Word was, she had planned to leave him at the altar, to make a bigger splash in the media, and then sell her story, but she couldn't get enough money, so she decided to dump him early.

Nice lady, huh? Do the terms bimbo and gold-digger come to mind?

Isn't it amazing how far greed and lust and ego can take us? How ego can blind us to reality? How rich, egotistical people think they can get anything they want?

Many years ago, I used to "read" Playboy, meaning look at the pictures. But occasionally I would read The Playboy Philosophy, written by Hef. He would ramble on and on in pseudo-philosophical mumbo-jumbo, explaining his sophomoric ideas about consumer goods, greed, and sexual freedom.

God, what a bore. 

I always thought Hef was a fool. He had all the money you could want, and he could have climbed mountains and scuba dived all over the world. But he chose to spend his days in silk pajamas in a mansion full of young gold diggers and celebrity seekers. What a waste.

Sorry, Hef, now you're an old geezer, and no young babe would want to spend time with you if you weren't rich and famous. It was probably always like that. Hef says he doesn't care, as long as they spend time with him.

Love for sale, Hef?

A life devoted to being nothing.

Pretty sad, I would say.

-- Roger

© Copyright 2011, Roger R. Angle

Hugh Hefner: Playboy, Activist and Rebel

Monday, June 6, 2011


I am back to reading Borges again. I love it.

I love his false scholarship, where he creates an elaborate fictional effort to find a lost country or continent that of course never existed.

It gives me a thrill. I am now reading "Tlön, Uqbar, Orbis Tertius."

What a blast. This book will give me years of pleasure.

-- Roger

© Copyright 2011, Roger R. Angle


Today, I was lazing around, trying to recover from a bout of hypoglycemic fatigue, as I often am in the afternoon, and I tried to read a mystery novel called "Dirt" by Sean Doolittle, published by Uglytown, a small press in Los Angeles devoted to pulp fiction.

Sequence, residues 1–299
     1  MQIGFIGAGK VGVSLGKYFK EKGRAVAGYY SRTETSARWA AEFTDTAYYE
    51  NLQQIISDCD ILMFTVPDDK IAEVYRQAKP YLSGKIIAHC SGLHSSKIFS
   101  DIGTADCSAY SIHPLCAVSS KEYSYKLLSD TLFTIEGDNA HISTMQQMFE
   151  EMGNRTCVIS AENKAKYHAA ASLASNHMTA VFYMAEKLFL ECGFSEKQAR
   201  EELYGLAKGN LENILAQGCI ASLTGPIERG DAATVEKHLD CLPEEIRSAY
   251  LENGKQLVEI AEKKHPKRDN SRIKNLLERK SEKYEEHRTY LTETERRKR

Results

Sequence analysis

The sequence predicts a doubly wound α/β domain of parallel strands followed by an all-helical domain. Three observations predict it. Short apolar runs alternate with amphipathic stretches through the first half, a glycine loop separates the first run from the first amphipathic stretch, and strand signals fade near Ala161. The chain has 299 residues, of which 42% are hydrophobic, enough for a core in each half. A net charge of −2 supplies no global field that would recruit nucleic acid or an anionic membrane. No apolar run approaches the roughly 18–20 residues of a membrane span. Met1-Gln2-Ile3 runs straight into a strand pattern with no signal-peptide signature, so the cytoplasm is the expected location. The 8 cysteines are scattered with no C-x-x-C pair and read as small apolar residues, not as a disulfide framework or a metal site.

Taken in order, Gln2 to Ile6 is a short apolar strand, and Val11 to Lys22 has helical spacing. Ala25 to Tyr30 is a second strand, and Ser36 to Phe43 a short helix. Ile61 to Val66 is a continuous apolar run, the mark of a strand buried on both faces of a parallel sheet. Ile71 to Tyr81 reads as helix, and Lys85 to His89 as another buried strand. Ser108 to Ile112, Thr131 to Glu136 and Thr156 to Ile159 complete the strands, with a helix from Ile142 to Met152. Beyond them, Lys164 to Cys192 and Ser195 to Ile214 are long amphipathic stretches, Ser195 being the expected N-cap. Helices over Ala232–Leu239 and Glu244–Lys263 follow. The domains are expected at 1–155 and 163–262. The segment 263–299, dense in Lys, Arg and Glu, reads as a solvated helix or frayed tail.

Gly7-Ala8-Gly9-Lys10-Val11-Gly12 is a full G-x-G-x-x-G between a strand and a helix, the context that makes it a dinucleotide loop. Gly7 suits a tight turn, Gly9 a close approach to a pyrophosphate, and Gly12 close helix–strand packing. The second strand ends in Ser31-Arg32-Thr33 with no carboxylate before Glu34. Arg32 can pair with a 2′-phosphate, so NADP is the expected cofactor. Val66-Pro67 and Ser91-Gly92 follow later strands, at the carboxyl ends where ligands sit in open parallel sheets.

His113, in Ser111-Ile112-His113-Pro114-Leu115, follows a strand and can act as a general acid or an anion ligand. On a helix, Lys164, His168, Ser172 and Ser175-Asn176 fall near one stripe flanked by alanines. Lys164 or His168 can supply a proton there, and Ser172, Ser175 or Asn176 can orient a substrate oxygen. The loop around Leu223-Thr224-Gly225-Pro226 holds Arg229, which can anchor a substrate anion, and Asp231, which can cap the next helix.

Uglytown books are fairly attractive, quality paperback originals well produced and hip looking. Unfortunately, this author didn't understand something vital to the writing process: the mind of the reader, the canvas upon which the writer paints.

There are three stories in any fiction: on the page, the most obvious; in the writer's mind, which changes as it takes shape on the page; and in the reader's mind, most important of the three.

In "Dirt," an inauspicious title if there ever was one, the writer did the set-up poorly, in my opinion, and failed to create an interesting story in the reader's mind, at least for this reader.

"Dirt" starts out with the funeral of a man the narrator claims was his "good buddy." The traditional funeral is interrupted by some environmental activists cum maniacs who arrive with road flares and jump on the coffin and give a speech about the misuse of mahogany.

I thought the action was stupid and pointless , out of left field. All surprise, no suspense. But it didn't have to be that way.

The disruption of the funeral could have been integral to the plot, if the tree-hugging activists had been set up properly. The dead man could have been (a) a member of the activist group, which would have made the disruption ironic, or (b) a sworn enemy of the group, which would have made the disruption seem like revenge.

Either way, the story would have made sense and not made this reader throw it down with a pronounced, "Ugh."

There is a lesson here for new writers: Do your set-up carefully, and avoid he dreaded deus ex machina -- god from the machine.

-- Roger

© Copyright 2011, Roger R. Angle